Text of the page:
When we look at primates, one of the first characteristics we identify is the amount of hair, which is very thick and even tangled, and covers the entire body of the animal. However, only humans among extant primates, an order that includes gorillas, lemurs, and monkeys in general, have little hair. The explanation lies in the process of human evolution.
However, a correction must be made. In fact, humans have just as much fur as some species of ape. To be precise, there are at least five million hair follicles scattered throughout the skin, but most of these follicles are shallow and produce very short and soft hairs, unlike other primates.
“Technically, we have hair all over our bodies, but they are miniature follicles,” Tina Lasizzi, a biological anthropologist at the University of Southern California in the US, explains about BBC. “They’ve been so miniaturized that, functionally, they no longer protect us,” he adds.
Now, looking at the human body, it’s easy to see the deepest and thickest of the follicles: in the head. In some ways, this covering is similar to the hair that is so common in most primates. Another facial similarity identified after puberty in men is the beard. In addition, there is thicker underarm hair and pubic hair.
Why does it seem that humans have less hair than monkeys?
Science still doesn’t know why hair is so different in humans, but there are some really interesting hypotheses. Among them, the most accepted is that hair loss is related to the body’s cooling needs, known as the “Savannah hypothesis”.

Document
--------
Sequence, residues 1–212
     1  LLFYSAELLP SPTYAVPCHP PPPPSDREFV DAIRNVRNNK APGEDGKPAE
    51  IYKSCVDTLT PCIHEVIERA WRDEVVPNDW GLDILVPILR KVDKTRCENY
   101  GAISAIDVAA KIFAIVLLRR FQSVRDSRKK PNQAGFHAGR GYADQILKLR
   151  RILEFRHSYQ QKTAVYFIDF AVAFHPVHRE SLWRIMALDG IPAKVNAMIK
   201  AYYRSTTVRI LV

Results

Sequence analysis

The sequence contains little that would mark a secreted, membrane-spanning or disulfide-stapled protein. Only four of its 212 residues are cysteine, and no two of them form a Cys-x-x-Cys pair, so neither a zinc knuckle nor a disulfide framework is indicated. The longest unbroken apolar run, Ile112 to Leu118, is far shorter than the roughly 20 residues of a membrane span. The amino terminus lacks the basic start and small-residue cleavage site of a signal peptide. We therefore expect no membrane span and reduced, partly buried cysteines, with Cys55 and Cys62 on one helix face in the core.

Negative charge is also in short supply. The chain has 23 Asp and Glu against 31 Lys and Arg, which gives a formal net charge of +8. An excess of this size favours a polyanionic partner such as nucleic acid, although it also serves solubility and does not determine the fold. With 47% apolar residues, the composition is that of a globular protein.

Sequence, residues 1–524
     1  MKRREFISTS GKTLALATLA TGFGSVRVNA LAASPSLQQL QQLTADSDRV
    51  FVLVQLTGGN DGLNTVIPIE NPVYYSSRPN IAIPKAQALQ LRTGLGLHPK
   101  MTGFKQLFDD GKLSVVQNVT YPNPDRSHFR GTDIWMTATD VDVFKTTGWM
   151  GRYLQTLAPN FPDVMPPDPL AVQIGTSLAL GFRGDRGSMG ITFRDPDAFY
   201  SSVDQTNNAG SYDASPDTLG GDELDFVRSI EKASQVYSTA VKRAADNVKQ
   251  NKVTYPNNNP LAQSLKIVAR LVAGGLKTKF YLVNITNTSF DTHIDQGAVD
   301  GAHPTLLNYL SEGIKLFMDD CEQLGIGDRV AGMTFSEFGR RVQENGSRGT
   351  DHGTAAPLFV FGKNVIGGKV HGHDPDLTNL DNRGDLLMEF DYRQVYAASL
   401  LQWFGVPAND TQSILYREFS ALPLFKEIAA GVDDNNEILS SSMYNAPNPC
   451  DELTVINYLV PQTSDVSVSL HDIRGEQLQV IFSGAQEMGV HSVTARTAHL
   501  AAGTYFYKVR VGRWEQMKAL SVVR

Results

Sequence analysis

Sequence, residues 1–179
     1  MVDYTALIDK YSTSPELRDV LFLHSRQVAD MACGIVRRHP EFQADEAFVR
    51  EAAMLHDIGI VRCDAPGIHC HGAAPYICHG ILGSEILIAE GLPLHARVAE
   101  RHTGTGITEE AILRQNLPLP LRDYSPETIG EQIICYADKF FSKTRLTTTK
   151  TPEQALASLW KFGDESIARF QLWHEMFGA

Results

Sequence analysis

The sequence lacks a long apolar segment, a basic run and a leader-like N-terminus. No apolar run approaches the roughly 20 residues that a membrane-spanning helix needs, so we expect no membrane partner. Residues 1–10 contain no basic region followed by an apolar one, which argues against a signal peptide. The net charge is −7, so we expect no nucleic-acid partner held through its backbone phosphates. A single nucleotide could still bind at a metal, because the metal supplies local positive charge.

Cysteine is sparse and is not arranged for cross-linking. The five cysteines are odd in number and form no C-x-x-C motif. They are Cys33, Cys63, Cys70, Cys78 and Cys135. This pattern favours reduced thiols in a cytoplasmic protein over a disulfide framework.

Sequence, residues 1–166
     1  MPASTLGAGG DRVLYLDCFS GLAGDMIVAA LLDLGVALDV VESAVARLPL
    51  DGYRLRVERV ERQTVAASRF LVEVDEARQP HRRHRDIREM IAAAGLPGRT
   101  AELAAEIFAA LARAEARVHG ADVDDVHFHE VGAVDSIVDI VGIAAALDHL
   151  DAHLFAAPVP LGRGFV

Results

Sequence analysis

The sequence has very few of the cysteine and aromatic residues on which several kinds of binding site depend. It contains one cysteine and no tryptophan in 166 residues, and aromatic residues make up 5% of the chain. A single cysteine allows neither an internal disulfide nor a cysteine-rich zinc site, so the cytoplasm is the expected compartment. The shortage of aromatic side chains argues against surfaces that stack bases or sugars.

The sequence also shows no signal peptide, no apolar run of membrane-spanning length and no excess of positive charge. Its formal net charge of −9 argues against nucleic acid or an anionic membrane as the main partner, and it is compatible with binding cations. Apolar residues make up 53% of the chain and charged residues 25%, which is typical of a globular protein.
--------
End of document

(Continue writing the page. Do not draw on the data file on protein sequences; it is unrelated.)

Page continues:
Here, it should be clarified that during the Pleistocene period, it was Homo erectus And other human species practiced continuous hunting in the savanna. This means that, to capture prey, the animal was chased for hours until it reached the point of extreme exhaustion. Because of the intense activity and the heat, they were at risk of overheating.
As humans lost their hair, the sweat glands took on the job of cooling the body better, through perspiration. “We can imagine, with a bit of confidence, that this happened 1.5 to 2 million years ago,” Lasisi says.
More hypotheses explain fewer hairs in humans
Another hypothesis about the characteristic primate hair loss involves the issue of parasites, known as the ectoparasite hypothesis. Among the proponents of this idea is Mark Bagal, professor of evolutionary biology at the University of Reading, UK.
Before we continue, it is worth considering briefly. Ectoparasites are arthropods that depend on the host’s skin at least at some point in life. This classification includes insects (fleas, flies and even lice) and mites (ticks).
Bagal advocates that “parasites may have been and still are one of the greatest selective forces in our evolutionary history”. “If you look around the world, the ectoparasites [até hoje] Big problem, like flies that bite and transmit diseases. These flies have specialized in landing, living on hair, and laying their eggs.
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